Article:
Friday, September 4, 2009

10 Books A Day: #136

The Silmarillion (1977)...J. R. R. Tolkien...Houghton Mifflin Company

The Silmarillion...J. R. R. Tolkien...Ballantine Books

The Silmarillion...J. R. R. Tolkien...Unwin Paperbacks

The Silmarillion...J. R. R. Tolkien, Illustrated By Ted Nasmith...Houghton Mifflin Company

The Silmarillion, Second Edition...J. R. R. Tolkien...Houghton Mifflin Company

Unfinished Tales...J. R. R. Tolkien...Houghton Mifflin Company

Unfinished Tales ...J. R. R. Tolkien...Ballantine Books

Unfinished Tales...J. R. R. Tolkien...Del Rey

Tolkien And The Silmarillion...Clyde S. Kilby...Harold Shaw Publishers

Tolkien And The Silmarils...Randel Helms...Houghton Mifflin Company

There were fans who had waited decades for The Silmarillion. From the moment I heard about it, I waited maybe two years, tops. But it seemed like a long, long time. My mother bought it for me and inscribed the inside cover with my name and the date: Nov. 9, 1977. Good Lord, I was fourteen. I remember I had fun deciphering the Elvish inscription on the inside. Three years later I got Unfinished Tales on Nov. 29, 1980.

From Tolkien's death to the publication of The Silmarillion was four years. Christopher Tolkien, who edited his father's work with the help of Guy Gavriel Kay (who went on to be a fantasy author himself), now admits it was something of a rush job, done under tremendous pressure from the publishers and lacking access to some important manuscripts. As it turns out there were whole swathes of narrative that had to be fabricated out of the scantiest hints; this has led to some questions about the "canonicity" of the book. The Second Edition corrected some of these shortcomings. Unfinished Tales is, if made up of rough narratives and speculative essays, at least more undoubtedly authentically Tolkien.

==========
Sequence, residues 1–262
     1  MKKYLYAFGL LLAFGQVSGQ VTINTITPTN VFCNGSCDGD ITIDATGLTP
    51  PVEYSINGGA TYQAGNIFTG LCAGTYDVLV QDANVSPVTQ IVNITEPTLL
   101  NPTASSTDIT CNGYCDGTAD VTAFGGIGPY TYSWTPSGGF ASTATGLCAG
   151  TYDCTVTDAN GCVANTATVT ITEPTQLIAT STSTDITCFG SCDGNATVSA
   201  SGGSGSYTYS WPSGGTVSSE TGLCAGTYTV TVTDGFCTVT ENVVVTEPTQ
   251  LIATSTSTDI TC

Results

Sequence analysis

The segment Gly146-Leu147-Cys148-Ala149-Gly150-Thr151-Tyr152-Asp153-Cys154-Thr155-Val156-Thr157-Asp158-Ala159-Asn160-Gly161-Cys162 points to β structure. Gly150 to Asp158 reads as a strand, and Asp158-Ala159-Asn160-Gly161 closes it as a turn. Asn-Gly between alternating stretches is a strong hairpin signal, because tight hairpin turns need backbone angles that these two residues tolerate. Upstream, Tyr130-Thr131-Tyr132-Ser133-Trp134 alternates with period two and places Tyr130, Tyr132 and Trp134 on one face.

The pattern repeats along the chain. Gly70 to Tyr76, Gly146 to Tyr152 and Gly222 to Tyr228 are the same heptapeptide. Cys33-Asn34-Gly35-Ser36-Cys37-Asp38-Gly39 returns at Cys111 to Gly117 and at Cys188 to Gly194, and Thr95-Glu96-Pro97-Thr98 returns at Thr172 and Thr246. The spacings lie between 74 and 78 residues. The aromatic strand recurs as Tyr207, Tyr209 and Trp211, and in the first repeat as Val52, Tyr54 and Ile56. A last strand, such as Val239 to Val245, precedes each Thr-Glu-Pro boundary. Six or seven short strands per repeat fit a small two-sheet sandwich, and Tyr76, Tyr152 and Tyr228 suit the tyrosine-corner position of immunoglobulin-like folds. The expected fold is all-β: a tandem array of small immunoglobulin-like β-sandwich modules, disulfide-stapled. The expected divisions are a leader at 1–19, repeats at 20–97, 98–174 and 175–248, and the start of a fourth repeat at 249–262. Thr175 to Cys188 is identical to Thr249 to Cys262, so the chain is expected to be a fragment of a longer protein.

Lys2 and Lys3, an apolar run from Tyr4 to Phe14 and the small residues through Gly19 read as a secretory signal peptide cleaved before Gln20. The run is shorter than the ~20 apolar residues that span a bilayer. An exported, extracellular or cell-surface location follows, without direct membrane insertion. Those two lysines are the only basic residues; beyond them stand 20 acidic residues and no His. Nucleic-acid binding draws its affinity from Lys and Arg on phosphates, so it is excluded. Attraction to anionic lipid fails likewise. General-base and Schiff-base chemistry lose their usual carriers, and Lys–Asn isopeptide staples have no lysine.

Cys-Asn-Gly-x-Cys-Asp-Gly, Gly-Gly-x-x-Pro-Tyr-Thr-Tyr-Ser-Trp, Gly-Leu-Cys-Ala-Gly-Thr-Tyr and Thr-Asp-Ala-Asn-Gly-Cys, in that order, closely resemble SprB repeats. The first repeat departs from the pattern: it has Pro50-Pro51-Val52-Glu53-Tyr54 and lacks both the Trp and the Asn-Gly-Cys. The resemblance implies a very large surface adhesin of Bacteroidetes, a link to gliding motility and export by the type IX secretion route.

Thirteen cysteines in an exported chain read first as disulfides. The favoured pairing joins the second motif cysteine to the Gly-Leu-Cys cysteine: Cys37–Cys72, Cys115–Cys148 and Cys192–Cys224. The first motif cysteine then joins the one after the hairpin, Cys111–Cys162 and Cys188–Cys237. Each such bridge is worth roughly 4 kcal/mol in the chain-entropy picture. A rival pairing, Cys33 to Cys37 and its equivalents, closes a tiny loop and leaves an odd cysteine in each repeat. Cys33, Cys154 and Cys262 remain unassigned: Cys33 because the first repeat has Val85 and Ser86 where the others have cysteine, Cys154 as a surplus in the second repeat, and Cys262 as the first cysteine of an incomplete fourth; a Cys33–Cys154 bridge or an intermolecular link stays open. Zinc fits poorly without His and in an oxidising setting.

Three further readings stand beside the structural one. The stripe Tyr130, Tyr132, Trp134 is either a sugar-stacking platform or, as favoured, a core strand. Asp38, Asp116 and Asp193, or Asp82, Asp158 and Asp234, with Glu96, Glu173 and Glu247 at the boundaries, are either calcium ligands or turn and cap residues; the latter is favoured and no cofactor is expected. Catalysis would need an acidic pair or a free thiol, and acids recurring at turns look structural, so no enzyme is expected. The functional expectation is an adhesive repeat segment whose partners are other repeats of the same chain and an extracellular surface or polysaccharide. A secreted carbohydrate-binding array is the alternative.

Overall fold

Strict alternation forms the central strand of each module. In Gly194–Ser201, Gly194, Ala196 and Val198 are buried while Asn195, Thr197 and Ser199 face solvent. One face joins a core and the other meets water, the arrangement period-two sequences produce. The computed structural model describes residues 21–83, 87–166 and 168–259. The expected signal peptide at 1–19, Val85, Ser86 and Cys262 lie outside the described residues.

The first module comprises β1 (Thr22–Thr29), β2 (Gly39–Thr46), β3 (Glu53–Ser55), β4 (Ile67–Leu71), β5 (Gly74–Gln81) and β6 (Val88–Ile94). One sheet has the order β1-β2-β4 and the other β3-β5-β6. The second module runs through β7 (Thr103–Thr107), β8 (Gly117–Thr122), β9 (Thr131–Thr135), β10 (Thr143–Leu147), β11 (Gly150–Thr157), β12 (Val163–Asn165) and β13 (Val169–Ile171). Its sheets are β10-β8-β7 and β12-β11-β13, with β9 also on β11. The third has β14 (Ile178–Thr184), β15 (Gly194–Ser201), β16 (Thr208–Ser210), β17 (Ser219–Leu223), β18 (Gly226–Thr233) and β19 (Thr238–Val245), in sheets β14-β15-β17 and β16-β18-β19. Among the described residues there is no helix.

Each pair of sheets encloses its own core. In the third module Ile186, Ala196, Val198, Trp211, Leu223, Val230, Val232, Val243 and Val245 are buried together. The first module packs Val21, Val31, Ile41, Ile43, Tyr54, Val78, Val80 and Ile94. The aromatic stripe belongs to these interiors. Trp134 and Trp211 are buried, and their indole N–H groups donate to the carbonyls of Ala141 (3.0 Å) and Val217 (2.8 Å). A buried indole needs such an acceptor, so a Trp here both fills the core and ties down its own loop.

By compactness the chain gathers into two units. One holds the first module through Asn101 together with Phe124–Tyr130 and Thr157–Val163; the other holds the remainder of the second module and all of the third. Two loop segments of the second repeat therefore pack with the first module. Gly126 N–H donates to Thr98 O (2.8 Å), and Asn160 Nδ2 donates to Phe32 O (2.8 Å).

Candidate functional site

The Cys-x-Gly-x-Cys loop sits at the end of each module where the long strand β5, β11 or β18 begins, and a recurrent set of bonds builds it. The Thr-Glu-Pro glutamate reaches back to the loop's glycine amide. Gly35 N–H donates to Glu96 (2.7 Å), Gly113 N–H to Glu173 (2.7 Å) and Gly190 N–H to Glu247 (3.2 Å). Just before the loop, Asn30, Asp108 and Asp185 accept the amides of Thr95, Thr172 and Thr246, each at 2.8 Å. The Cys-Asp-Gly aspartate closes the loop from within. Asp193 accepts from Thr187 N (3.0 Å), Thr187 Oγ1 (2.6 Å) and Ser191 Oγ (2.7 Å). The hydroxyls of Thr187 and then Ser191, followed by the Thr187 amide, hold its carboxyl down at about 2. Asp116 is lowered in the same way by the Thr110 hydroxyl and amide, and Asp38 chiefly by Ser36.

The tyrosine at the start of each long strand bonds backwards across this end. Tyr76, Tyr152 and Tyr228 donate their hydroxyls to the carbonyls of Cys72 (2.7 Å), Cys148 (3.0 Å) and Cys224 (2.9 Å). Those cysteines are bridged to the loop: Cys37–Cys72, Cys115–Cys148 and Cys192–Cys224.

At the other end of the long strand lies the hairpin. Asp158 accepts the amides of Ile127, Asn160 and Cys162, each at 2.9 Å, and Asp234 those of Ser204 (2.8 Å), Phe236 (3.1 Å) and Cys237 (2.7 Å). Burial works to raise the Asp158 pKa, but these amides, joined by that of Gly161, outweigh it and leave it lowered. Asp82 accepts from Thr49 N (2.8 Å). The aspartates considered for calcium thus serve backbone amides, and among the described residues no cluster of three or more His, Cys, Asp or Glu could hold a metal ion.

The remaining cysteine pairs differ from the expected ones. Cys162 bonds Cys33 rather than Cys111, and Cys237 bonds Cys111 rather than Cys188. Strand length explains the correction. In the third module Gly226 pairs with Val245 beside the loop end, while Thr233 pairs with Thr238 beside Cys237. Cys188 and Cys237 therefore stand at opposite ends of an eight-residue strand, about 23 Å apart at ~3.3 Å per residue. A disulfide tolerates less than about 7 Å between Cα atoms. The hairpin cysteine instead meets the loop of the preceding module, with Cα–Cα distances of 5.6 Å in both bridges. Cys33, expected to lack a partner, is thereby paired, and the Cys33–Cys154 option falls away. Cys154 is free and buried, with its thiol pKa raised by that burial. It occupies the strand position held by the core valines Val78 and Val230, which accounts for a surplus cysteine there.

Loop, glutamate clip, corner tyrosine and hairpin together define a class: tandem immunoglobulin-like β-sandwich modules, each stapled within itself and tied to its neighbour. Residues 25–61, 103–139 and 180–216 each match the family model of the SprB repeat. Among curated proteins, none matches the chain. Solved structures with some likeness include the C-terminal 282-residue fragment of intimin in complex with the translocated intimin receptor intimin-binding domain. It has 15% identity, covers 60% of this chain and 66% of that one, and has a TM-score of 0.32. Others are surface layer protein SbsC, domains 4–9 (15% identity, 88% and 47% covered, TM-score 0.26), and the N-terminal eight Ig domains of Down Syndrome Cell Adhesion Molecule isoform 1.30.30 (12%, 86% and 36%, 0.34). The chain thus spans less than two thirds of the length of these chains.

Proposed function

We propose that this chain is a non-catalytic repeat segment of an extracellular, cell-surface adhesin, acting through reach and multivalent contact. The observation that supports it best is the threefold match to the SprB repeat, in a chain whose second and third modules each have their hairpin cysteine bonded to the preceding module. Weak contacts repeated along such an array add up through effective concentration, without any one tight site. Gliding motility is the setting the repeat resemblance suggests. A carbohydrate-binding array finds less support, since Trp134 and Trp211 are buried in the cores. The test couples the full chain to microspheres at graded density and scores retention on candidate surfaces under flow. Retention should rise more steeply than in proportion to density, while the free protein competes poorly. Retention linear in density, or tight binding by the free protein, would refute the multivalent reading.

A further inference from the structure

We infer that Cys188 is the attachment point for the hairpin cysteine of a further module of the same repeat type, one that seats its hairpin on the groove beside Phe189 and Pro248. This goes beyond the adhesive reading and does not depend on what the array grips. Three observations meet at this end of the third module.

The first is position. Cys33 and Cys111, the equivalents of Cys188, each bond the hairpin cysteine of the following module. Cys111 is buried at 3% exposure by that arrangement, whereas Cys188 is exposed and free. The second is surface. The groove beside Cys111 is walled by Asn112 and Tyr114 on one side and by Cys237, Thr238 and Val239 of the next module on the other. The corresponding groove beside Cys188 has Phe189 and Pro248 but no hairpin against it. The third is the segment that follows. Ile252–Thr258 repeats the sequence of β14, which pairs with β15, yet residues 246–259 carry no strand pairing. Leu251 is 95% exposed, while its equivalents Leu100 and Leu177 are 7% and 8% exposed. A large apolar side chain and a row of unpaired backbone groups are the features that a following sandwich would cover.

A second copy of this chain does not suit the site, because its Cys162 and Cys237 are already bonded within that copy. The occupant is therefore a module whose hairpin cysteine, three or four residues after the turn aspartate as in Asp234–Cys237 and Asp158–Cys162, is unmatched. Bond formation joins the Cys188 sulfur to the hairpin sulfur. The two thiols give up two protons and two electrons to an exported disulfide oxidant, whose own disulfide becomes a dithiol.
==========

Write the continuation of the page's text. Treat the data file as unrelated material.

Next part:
Tolkien and the Silmarillion was published by Clyde S. Kilby one year before The Silmarillion's publication: it was basically a summation of all that was known about the work at the time, supplemented by Kilby's personal acquaintance with Tolkien and his remembrance of the discussions they had on the work. Tolkien and the Silmarils was published by Randel Helms (who had previously written Tolkien's World) in 1980. Perhaps now is the time (thirty years on) for a new work focusing on a critical assessment of this unique book.

Book Count: 1616.

1 comment:

Anonymous said...

Silmarillion is probably the best book written in the English language in my opinion. If it was not strictly canonical, tough...If it was a rush job, my God, even more amazing. This one has it all...